The phone was fully charged, and yet … Opps! During a radio interview on Sept. 6, Ray’s cellphone went mysteriously dead after ten minutes, precisely at minute 16:44, a second after he questioned whether Robert Mueller deserves the sainthood bestowed on him in Establishment media. The radio studio could find no technical reason to account for why the line dropped abruptly immediately after Ray words that Mueller’s “reputation for honesty does not withstand close scrutiny.”
(Ray’s interview segment runs from minute 6:05 to its premature end at 16:44.)
“What is the FBI’s evidence with respect to a connection between al-Qaeda and Iraq? Polls show that Americans are completely confused about who was responsible for the suicidal attacks on 9-11 with many blaming Iraq. And it is clear that this impression has been fostered by many in the Administration. … If the FBI does have independent data verifying such a connection, it would seem such information should be shared, at least internally within the FBI.”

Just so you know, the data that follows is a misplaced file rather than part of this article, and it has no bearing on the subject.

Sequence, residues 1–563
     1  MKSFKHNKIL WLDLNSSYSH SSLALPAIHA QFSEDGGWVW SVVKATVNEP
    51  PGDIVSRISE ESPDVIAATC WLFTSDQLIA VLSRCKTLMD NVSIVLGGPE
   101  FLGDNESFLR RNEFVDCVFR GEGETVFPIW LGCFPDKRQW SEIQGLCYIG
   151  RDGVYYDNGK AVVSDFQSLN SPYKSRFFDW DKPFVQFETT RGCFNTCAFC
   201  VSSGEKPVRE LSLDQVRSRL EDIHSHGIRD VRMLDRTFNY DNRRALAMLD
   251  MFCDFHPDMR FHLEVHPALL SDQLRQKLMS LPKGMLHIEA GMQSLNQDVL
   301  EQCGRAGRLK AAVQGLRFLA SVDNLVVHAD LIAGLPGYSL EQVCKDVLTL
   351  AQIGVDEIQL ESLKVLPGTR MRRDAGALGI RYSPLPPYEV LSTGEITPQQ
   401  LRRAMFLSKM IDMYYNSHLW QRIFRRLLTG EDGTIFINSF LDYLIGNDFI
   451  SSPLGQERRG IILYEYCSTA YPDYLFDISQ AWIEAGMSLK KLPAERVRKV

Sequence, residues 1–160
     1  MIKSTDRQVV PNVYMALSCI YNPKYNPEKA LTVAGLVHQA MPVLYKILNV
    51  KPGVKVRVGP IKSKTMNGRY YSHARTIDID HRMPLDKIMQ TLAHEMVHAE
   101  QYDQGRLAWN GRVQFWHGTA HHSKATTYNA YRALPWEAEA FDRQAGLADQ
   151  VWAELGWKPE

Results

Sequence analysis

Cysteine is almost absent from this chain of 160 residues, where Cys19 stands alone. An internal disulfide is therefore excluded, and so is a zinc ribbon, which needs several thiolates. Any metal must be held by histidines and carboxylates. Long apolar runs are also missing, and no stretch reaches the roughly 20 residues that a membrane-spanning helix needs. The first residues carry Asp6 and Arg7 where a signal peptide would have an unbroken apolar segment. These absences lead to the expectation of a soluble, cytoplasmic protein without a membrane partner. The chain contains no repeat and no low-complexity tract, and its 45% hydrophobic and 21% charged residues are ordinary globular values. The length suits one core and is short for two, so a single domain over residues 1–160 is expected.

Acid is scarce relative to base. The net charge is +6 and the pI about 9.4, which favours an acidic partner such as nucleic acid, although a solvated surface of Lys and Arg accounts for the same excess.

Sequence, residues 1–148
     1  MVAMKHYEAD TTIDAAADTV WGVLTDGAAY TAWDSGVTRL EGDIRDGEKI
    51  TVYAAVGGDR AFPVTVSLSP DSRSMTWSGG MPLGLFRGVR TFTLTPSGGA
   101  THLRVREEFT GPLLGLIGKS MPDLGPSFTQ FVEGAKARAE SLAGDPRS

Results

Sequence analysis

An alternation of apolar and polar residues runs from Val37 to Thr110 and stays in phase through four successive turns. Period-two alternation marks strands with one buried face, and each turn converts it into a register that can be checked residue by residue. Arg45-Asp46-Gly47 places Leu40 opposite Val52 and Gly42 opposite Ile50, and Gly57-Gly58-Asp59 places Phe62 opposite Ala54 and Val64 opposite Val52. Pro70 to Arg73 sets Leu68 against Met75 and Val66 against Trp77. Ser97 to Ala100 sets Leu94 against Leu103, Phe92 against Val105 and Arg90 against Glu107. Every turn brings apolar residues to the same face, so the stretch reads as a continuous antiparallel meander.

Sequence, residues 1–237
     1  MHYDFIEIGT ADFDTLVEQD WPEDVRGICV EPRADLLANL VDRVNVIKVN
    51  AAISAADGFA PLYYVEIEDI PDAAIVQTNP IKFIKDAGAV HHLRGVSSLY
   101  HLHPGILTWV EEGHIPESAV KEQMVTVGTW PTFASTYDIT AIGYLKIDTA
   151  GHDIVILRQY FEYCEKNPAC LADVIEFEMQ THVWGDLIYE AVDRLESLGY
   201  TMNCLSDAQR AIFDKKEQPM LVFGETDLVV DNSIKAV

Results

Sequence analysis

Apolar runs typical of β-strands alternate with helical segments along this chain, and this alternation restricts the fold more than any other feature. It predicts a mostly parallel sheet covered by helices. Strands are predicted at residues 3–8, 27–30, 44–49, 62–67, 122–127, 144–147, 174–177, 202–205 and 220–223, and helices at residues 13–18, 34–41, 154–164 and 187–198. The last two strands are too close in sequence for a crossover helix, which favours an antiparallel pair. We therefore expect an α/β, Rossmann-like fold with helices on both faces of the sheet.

Ray is hardly the the only one to label some of the “evidence” used to “justify” war on Iraq as “non-existent.” In fact, “non-existent” is one of the adjectives the Senate Intelligence Committee chair used on June 5, 2008, when he announced the bipartisan findiings of the committee’s five-year investigation into pre-Iraq-war intelligence:
“In making the case for war, the Administration repeatedly presented intelligence as fact when in reality it was unsubstantiated, contradicted, or even non-existent. As a result, the American people were led to believe that the threat from Iraq was much greater than actually existed.”
The Senate’s findings were published ten years ago and got little play in corporate media. Those with little or no memory of the Senate investigation may wish to click on the link and skim through its main conclusions, as briefly stated in the press release.